What’s be­hind Tabard’s stage?

The Napier Mail - - FRONT PAGE - ME­GAN HUNT Napier Oper­atic So­ci­ety’s sea­son of Mary Pop­pins opens on Fri­day, March 10 and runs to March 25 at the Napier Mu­nic­i­pal Theatre. Tick­ets from Tick­etek.

From the road Napier’s Tabard Theatre looks still and closed most days, with no move­ment or sound.

But in­side its golden set of wooden doors is a hive of ac­tiv­ity, with sets be­ing built, cos­tumes sewn, dance moves per­fected and lines learnt.

Les­ley Carthew is a life mem­ber, trea­surer and for­mer pres­i­dent of the Napier Oper­atic So­ci­ety which calls the com­plex home.

‘‘This place is never still,’’ she said.

Com­pleted in 1994, the theatre com­plex on Corona­tion Street in Ahuriri, was crafted by a team of re­tired men.

The front two rooms are the ones most com­monly vis­ited by the pub­lic, with a theatre large enough to ac­com­mo­date 175 in rowed seat­ing or 126 for din­ner theatre at ta­bles.

Across the hall­way is the cen­tre’s cos­tume hire store bulging with a range of out­fits; these are only a por­tion of the so­ci­ety’s cos­tumes.

Be­hind these ar­eas is a com­mer­cial kitchen able to cater for126 peo­ple dur­ing din­ner ser­vice.

At the back of the com­plex is a large re­hearsal room with a special sprung wooden floor for danc­ing, marked out with tape for each pro­duc­tion.

Along one side is an ex­tra wall of cos­tumes.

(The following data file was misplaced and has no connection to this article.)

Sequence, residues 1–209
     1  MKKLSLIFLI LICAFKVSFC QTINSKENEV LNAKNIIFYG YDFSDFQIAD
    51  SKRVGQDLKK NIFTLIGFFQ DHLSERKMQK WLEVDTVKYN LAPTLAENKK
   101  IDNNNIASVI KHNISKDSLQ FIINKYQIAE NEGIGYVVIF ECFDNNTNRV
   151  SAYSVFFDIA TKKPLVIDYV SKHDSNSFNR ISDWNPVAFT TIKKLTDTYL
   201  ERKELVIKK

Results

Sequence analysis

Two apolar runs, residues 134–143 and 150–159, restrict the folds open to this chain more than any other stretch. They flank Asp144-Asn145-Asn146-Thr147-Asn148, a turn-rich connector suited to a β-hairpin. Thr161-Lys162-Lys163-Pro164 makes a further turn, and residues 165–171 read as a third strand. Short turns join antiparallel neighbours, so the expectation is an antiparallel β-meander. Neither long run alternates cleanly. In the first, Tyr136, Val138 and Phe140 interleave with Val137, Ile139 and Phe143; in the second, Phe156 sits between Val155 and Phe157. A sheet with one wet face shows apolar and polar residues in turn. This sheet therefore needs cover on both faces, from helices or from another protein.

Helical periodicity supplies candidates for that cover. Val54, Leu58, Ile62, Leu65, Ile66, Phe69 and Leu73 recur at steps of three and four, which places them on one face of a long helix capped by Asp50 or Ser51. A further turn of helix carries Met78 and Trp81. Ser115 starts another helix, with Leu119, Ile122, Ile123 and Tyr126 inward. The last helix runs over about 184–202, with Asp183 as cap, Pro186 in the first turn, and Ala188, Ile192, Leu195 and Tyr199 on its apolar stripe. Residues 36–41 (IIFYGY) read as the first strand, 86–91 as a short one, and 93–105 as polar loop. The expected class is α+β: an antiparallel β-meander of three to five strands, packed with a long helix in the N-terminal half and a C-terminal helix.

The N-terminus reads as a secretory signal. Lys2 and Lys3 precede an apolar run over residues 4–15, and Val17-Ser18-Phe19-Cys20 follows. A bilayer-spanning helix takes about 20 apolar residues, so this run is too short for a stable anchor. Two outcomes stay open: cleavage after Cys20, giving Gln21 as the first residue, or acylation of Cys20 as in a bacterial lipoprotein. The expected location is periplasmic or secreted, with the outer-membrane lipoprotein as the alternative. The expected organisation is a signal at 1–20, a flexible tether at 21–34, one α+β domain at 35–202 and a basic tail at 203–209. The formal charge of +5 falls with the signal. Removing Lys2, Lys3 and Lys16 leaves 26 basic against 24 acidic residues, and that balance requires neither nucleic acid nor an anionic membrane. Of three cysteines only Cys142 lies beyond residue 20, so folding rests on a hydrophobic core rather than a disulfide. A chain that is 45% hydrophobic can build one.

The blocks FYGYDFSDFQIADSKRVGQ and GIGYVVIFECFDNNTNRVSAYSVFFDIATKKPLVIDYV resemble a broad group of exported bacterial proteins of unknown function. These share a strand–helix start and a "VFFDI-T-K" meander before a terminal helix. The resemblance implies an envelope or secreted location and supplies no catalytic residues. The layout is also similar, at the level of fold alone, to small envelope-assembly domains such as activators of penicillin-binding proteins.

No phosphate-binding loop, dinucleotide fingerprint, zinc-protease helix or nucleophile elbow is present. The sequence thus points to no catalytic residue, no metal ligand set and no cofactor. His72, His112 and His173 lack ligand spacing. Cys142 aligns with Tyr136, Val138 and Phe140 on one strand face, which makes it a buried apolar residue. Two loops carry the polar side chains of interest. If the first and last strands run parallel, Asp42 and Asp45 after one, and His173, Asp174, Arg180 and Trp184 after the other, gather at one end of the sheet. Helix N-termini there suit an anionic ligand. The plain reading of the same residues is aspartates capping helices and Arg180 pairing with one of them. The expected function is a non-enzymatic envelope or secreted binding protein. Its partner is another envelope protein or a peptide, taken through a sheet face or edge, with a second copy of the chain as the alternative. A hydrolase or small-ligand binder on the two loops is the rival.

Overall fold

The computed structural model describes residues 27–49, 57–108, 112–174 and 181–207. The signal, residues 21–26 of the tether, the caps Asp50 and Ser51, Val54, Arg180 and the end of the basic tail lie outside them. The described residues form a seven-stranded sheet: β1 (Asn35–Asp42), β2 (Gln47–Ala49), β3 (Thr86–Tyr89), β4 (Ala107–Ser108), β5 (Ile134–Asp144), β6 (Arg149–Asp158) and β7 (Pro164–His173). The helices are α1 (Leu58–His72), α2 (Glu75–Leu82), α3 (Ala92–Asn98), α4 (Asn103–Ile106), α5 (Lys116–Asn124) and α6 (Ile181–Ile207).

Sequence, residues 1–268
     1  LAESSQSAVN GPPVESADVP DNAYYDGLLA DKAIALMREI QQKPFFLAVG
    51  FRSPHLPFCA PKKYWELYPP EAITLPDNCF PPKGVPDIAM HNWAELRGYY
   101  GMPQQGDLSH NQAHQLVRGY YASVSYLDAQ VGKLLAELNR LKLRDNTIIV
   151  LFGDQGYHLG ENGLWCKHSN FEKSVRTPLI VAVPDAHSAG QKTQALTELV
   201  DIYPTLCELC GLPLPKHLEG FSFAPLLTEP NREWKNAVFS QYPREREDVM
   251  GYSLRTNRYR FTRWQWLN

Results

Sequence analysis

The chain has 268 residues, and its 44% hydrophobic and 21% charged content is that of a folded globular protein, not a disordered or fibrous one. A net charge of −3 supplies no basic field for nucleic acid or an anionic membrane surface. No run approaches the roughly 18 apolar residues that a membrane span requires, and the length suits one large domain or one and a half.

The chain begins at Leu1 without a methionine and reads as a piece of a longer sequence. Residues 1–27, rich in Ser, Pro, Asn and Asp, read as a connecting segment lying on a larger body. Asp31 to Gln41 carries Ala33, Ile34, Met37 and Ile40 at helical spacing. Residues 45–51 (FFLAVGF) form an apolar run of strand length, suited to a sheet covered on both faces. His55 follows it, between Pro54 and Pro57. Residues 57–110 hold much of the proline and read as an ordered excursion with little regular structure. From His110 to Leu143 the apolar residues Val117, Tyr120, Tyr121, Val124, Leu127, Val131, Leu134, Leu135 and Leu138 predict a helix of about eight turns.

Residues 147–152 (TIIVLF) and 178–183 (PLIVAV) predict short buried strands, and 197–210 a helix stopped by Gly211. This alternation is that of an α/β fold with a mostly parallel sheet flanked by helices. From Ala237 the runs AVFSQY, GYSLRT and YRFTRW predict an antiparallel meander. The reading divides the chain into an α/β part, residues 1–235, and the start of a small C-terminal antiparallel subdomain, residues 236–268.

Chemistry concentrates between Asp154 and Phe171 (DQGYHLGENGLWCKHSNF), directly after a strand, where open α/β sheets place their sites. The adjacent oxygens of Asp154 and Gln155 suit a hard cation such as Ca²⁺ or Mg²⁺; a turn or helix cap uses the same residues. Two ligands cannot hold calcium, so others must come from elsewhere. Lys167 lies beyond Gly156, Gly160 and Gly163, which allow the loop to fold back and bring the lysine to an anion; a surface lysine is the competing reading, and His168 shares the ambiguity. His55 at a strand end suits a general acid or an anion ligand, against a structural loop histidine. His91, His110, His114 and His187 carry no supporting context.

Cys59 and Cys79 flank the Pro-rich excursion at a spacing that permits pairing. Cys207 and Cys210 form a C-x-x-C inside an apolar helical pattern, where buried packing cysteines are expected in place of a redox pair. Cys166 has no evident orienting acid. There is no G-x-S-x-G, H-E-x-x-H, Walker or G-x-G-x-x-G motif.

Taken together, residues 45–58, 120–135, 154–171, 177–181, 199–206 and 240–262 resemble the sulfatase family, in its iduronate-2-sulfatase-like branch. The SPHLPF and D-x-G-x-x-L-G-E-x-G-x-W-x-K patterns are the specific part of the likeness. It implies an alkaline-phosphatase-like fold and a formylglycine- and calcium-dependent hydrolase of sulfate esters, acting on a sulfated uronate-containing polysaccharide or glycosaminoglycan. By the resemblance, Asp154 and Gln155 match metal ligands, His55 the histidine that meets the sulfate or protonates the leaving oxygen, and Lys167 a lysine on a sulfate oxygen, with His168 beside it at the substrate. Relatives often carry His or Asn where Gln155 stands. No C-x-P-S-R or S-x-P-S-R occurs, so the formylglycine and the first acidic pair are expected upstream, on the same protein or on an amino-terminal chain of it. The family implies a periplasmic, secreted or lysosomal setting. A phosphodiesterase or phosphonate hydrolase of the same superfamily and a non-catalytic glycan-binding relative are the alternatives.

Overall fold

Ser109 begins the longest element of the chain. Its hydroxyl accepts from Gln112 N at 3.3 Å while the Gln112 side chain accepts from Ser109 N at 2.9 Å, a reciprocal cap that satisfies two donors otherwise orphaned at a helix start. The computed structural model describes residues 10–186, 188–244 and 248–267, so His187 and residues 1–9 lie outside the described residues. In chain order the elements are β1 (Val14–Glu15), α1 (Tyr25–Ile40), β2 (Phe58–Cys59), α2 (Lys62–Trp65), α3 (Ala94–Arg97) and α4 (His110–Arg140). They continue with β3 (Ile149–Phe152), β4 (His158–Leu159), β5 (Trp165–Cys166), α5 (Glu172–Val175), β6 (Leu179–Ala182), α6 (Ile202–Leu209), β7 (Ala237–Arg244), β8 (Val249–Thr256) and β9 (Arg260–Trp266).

The se­cond storey houses a green room, of­fice and dress­ing rooms. Out­side is a court­yard and to the left of the theatre is a con­verted build­ing which houses a work­shop for build­ing sets and a sew­ing room for cre­at­ing and fit­ting cos­tumes.

Carthew had pre­vi­ously been in­volved with mu­si­cal theatre when she was younger but joined the Napier group as a par­ent.

‘‘I be­came a mem­ber dur­ing the 80s,’’ she said. ‘‘My daugh­ter was in An­nie the first time they did it. I came down to help with cos­tumes and never left.’’

But the so­ci­ety has a far longer his­tory.

It was es­tab­lished in 1887 af­ter three mu­si­cal and dance so­ci­eties joined, with Trial by Jury the first pro­duc­tion.

Shows were sus­pended dur­ing the two World Wars and fol­low­ing the 1931 Napier earth­quake.

Carthew said her favourite mu­si­cals over the years were Les Mis­er­ables, fol­lowed by Miss Saigon in a close se­cond, then Chess be­cause of the mu­si­cal chal­lenges this held.

She said it was the mu­sic which first drew her to the theatre.

‘‘It’s the type of mu­sic I just ab­so­lutely adore, but it’s the peo­ple you meet and friends I’ve made who keep me here.’’


Les­ley Carthew out­side the Tabard Theatre cos­tume hire store.

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